The White House on Sunday defended President Donald Trump's bid to get Ukraine to investigate one of his chief 2020 Democratic political rivals, former Vice President Joe Biden, saying the request did not amount to an impeachable offense.
"Nothing would lead to a high crime or misdemeanor," one of Trump's top aides, Kellyanne Conway, told CNN. She was referring to the standard for impeaching a U.S. president days after the Democratic-controlled House of Representatives approved proceedings for the impeachment inquiry targeting Trump over his actions related to Ukraine.
But Conway said she did not know whether Trump had initially conditioned release of $391 million in military aid to Ukraine in exchange for Kyiv investigating Biden, his son Hunter Biden's work for Ukrainian natural gas company, Burisma, as well as a debunked political theory that Ukraine, and not Russia, had hacked into Democratic National Committee computers to try to help defeat Trump in the 2016 election.
"I feel comfortable in saying that [Trump] never mentioned a quid pro quo or 2020" in a late July call with Ukrainian President Volodymyr Zelenskiy, Conway said.
"Let's be honest …," she added, "what is not there [in the phone call between the two leaders] is holding up the aid. They got that aid."
Democrats contested White House assertions. "The Congress appropriated money for foreign aid for Ukraine, and the president illegally withheld that money," Rep. Eliot Engel, chairman of the House Foreign Affairs Committee, told ABC.
Trump said on Twitter, "Many people listened to my phone call with the Ukrainian President while it was being made. I never heard any complaints. The reason is that it was totally appropriate, I say perfect. Republicans have never been more unified, and my Republican Approval Rating is now 95%!"
Many people listened to my phone call with the Ukrainian President while it was being made. I never heard any complaints. The reason is that it was totally appropriate, I say perfect. Republicans have never been more unified, and my Republican Approval Rating is now 95%!
— Donald J. Trump (@realDonaldTrump) November 3, 2019
On CNN, Conway said Trump has "great faith" in the U.S. intelligence community. But she declined to say whether Trump believes its conclusion that Moscow, and not Ukraine, meddled in the 2016 U.S. election to help him defeat Democrat Hillary Clinton, a former U.S. secretary of state.
Several Trump administration national security and diplomatic officials have told impeachment investigators in the House that Trump had temporarily withheld release of the money that Kyiv wanted to help fight pro-Russians separatists in the eastern part of the country in an effort to pressure Ukraine to open the investigations to help him politically.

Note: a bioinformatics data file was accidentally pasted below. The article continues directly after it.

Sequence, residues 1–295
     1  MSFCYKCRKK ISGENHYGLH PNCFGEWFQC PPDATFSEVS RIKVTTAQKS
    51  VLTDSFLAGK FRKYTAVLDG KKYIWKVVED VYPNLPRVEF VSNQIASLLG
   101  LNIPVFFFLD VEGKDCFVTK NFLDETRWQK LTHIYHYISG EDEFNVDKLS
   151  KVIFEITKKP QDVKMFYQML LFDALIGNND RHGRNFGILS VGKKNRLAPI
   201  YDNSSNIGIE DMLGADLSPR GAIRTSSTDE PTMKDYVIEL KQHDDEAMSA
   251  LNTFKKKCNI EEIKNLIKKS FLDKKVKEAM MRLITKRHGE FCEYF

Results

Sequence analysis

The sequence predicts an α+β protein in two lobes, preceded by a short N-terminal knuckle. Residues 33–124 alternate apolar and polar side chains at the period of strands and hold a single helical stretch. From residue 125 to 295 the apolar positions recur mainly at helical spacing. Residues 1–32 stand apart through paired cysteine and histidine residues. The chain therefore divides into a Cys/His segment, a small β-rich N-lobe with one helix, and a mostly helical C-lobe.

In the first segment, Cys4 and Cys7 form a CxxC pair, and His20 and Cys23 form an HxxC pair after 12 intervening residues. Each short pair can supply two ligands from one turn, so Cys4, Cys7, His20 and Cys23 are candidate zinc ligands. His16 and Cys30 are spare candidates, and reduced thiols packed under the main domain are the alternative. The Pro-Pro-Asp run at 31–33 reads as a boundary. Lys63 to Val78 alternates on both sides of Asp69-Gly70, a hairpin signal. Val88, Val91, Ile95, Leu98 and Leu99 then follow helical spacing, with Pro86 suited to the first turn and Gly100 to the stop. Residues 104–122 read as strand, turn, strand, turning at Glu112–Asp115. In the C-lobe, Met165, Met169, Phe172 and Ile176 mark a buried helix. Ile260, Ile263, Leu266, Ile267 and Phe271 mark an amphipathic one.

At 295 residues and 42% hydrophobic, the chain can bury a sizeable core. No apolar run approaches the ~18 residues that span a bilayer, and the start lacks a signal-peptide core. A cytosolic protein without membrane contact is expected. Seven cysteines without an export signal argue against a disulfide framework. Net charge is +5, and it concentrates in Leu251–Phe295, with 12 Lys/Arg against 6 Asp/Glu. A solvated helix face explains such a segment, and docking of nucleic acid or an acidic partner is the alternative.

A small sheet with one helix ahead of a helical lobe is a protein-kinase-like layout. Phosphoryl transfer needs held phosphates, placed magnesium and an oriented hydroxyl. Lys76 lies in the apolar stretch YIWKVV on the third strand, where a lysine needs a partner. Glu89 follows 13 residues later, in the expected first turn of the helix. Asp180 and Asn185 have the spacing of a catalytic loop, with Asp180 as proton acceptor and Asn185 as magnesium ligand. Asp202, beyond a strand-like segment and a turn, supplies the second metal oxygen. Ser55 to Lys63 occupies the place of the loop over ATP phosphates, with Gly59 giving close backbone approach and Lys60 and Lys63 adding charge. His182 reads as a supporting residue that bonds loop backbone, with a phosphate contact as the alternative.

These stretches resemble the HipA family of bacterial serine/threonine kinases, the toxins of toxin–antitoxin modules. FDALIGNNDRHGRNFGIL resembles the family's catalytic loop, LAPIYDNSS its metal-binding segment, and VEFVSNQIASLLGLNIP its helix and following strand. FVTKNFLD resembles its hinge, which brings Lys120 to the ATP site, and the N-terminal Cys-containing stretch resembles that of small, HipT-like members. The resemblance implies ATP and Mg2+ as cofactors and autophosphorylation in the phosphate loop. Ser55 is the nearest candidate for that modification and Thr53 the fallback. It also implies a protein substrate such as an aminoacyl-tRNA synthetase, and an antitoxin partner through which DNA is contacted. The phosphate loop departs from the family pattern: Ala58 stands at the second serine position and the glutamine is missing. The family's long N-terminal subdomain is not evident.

But Conway dismissed the accounts of the witnesses, saying it was "inappropriate to cherry pick 10 hours of testimony."
Soliciting and receiving foreign contributions in an election is illegal under U.S. campaign finance law.
Asked by CNN's Dana Bash whether it was appropriate for Trump to ask a foreign country to investigate an American citizen, Biden, Conway said, "That's a very simplified version of what happened."
Conway said, "Joe Biden is not insulated from his past actions," when as second in command under former President Barack Obama, he, along with European leaders, pressed Ukraine to oust a prosecutor they believed was not investigating high-level corruption in the eastern European country.
Neither of the Bidens has been implicated in any wrongdoing. The younger Biden, however, has acknowledged that he used "poor judgment" in accepting the position on the Burisma board, which he left months ago, because it has caused his father political problems as he tries to win the Democratic Party presidential nomination to face Trump in the 2020 election that is a year from Sunday.
Trump has repeatedly said there was no quid pro quo even as he asked the Ukrainian leader for "a favor" in the form of politically-related investigations.
The impeachment inquiry in the House was touched off by the account of a whistleblower, identified in news reports as a Central Intelligence Agency official who formerly worked in the White House, who was troubled by Trump's request to Zelenskiy to investigate Biden and his son.
"The Whistleblower got it sooo wrong that HE must come forward," Trump said Sunday on Twitter. However, the general thrust of the whistleblower's account was verified by a rough transcript of the Trump-Zelenskiy call released in September by the White House and subsequent testimony to the impeachment investigators.
"The Fake News Media knows who he is but, being an arm of the Democrat Party, don’t want to reveal him because there would be hell to pay," Trump said. "Reveal the Whistleblower and end the Impeachment Hoax!"
The Whistleblower got it sooo wrong that HE must come forward. The Fake News Media knows who he is but, being an arm of the Democrat Party, don’t want to reveal him because there would be hell to pay.
Reveal the Whistleblower and end the Impeachment Hoax!
— Donald J. Trump (@realDonaldTrump) November 3, 2019
CBS reported the whistleblower has offered to answer written questions posed by Republican lawmakers without having to go through the House Intelligence Committee's Democratic majority, according to the whistleblower's attorney. Republicans have argued that Trump is entitled to confront his accuser.
If the full House, on a simple-majority vote, approves articles of impeachment against Trump in the coming weeks, a trial would be held in the Republican-majority Senate, where a two-thirds vote would be needed to convict him and remove him from office. With the votes of at least 20 Republican senators needed to turn against Trump to oust him, his conviction remains unlikely.